More than 600 participants braved frigid waters as they took part in the Polar Plunge at Tobay Beach in Massapequa on Saturday to raise funds for Special Olympics New York. NewsdayTV's Shari Einhorn reports. Credit: Kendall Rodriguez

Anyone who thought the first week of spring would be a warm time for a Polar Plunge was proved wrong Saturday at Tobay Beach in Massapequa, where hundreds of brave souls raised money for Special Olympics New York.

At more than 600 participants, Saturday’s plunge was the largest in the 10 years the organization has partnered with the Town of Oyster Bay for the event. The proceeds will fund training and competition for Special Olympics athletes participating in 23 different sports on Long Island, organizers said.

“It’s incredible because it promotes inclusion,” said Rebecca Hoffman, director of development for Special Olympics New York. “Everyone came out to raise awareness of that message.”

Many of the more than 5,500 athletes who participate in Special Olympics on Long Island are currently training for the Spring Games in Farmingdale on May 6. 

Jessica Spitz, of Commack, one of the athletes to hop in the bay, shared with the crowd just how much the organization has meant to her.

“It’s given me so many incredible opportunities, not just sports-wise, but also in life,” she said, noting how it moved her to see hundreds of people lined up to take the plunge into the 43-degree water.

Participants were visibly nervous under the gray skies with temperatures in the low 40s, but Special Olympics volunteer Sienna Silvia, of Long Beach, remained as cool as the wind blowing across the beach in the minutes leading up to the swim.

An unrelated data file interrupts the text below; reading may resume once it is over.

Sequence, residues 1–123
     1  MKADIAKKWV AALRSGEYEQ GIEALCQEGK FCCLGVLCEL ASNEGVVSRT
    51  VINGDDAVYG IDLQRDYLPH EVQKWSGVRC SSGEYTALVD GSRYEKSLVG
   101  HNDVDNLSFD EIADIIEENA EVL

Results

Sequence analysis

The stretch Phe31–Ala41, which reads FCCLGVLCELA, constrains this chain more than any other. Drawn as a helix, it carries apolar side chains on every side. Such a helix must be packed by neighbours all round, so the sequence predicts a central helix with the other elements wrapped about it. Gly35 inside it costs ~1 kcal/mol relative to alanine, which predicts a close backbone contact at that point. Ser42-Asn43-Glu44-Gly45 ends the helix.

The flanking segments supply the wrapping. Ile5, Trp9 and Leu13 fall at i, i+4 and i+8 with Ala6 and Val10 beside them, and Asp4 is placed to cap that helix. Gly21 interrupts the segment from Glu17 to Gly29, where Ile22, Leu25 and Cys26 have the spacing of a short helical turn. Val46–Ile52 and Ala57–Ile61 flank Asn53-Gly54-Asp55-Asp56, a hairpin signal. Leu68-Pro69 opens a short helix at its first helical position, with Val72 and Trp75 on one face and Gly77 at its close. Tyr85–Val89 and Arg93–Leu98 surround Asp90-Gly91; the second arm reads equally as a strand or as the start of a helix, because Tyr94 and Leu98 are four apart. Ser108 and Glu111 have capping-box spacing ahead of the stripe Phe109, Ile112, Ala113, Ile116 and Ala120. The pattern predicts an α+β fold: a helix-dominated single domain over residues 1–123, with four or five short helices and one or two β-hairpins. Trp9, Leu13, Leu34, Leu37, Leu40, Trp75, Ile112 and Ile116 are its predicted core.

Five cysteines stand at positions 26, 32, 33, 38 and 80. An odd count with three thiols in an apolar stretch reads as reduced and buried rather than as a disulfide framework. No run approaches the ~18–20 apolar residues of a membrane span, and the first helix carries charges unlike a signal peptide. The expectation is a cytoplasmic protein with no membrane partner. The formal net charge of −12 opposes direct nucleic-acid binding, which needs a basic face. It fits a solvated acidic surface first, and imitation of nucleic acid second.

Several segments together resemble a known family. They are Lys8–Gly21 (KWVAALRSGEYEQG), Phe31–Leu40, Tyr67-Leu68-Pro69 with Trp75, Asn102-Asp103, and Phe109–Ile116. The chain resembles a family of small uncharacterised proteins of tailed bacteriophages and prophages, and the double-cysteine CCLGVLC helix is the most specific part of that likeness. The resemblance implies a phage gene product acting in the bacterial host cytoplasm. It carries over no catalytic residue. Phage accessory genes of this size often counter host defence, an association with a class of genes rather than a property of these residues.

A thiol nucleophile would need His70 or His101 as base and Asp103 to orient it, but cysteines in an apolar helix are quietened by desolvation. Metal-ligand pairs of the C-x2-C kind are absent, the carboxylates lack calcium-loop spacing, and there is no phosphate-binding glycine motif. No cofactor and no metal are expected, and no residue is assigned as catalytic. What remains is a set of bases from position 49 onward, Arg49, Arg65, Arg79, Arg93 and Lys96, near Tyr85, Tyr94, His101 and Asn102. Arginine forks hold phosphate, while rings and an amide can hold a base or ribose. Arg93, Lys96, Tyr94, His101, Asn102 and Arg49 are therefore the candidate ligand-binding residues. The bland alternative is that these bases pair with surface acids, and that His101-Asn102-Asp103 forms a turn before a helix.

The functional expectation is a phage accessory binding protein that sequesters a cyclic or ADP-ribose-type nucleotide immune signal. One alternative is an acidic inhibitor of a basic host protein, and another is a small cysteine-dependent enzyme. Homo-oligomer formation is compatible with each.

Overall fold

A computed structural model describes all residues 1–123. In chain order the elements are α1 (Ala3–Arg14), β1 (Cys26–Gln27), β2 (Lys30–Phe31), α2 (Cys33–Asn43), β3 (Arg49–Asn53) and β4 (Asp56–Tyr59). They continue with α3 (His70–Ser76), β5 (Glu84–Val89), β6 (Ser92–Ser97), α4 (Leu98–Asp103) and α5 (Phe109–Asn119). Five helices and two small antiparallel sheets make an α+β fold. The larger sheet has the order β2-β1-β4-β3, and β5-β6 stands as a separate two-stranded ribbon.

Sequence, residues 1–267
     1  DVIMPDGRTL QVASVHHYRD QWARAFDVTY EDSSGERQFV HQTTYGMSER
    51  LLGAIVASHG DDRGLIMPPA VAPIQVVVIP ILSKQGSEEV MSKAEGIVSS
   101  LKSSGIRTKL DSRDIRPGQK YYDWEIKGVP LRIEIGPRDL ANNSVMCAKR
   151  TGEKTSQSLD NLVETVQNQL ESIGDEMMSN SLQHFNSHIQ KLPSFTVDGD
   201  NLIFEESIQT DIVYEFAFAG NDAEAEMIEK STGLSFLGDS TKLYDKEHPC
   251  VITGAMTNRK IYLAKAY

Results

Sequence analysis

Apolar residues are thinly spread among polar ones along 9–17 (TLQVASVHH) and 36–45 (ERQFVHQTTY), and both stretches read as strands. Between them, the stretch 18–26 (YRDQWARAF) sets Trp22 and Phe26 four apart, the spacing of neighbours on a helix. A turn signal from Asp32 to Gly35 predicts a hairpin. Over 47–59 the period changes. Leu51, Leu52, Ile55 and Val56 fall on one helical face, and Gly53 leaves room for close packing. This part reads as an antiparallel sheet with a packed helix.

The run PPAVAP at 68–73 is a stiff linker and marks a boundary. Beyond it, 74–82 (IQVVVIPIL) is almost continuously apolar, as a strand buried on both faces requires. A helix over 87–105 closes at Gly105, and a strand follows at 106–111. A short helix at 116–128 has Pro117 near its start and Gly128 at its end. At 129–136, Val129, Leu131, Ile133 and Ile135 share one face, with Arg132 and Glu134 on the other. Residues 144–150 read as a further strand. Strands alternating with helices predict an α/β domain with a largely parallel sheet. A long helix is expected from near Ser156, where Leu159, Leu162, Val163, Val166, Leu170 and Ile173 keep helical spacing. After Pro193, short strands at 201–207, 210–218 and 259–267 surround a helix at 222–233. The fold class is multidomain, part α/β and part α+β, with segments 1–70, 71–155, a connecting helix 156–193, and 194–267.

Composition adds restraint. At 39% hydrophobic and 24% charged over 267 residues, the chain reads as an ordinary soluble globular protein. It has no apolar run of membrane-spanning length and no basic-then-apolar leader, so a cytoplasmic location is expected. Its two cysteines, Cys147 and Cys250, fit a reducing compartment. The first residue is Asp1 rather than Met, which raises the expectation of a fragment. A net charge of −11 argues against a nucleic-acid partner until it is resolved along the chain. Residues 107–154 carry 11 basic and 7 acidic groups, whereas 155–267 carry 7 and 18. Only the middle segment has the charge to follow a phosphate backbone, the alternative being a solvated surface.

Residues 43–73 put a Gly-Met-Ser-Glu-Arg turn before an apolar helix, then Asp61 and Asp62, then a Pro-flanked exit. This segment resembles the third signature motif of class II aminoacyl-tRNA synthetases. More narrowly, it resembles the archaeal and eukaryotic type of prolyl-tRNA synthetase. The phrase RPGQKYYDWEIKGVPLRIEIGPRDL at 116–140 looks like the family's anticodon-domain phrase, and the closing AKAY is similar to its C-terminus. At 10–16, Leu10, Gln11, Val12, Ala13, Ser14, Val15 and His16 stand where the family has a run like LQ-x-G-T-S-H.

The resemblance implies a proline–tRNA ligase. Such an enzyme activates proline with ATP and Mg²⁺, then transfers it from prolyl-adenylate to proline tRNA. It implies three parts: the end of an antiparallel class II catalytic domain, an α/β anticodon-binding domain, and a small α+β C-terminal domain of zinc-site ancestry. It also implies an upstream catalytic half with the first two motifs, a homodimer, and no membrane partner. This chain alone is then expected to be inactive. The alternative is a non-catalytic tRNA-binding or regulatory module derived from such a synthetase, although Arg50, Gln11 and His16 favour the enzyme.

“Ever since I was a little kid, I could withstand cold temperatures,” she said. “I’m like a fish … or a polar bear.”

The proceeds from Saturday's Polar Plunge at Tobay Beach will fund...

The proceeds from Saturday's Polar Plunge at Tobay Beach will fund training and competition for Special Olympics athletes participating in 23 different sports on Long Island, organizers said. Credit: Debbie Egan-Chin

Many of the participants came from organizations that partner with Special Olympics, including Island school districts, Scouting groups and law enforcement. (Special Olympics serves athletes with intellectual disabilities.)

Members of the Nassau County Police Department’s Bureau of Special Operations were among the first to sprint into the frigid water and they remained in the longest, chanting BSO as they counted the minutes.  Dozens of student plungers from Commack High School sported school gear, and the Massapequa swim team, which proudly noted raising $1,700 for the event, wore matching swimsuits. Even Oyster Bay Town Supervisor Joseph Saladino took a quick lap. 

“This is local in the community and it brings everyone together,” Hoffman said.

Some also traveled a short distance, even if they were not certain they could bring themselves to jump in. Retired NYPD Officer Carlos Rosado, of the Bronx, was hopping and shouting to keep himself motivated for his first plunge. He was there to swim alongside his daughter, Christina Romero, of Rockland County, an NYPD officer and member of the department volleyball team. Asked if they had regrets as they felt the cold temperature on their skin, the duo answered with a simultaneous “definitely.”

Minutes later, smiles stretched across their faces as they dried off.

“I’d do it again,” the father shouted.

“I would too,” his daughter replied.

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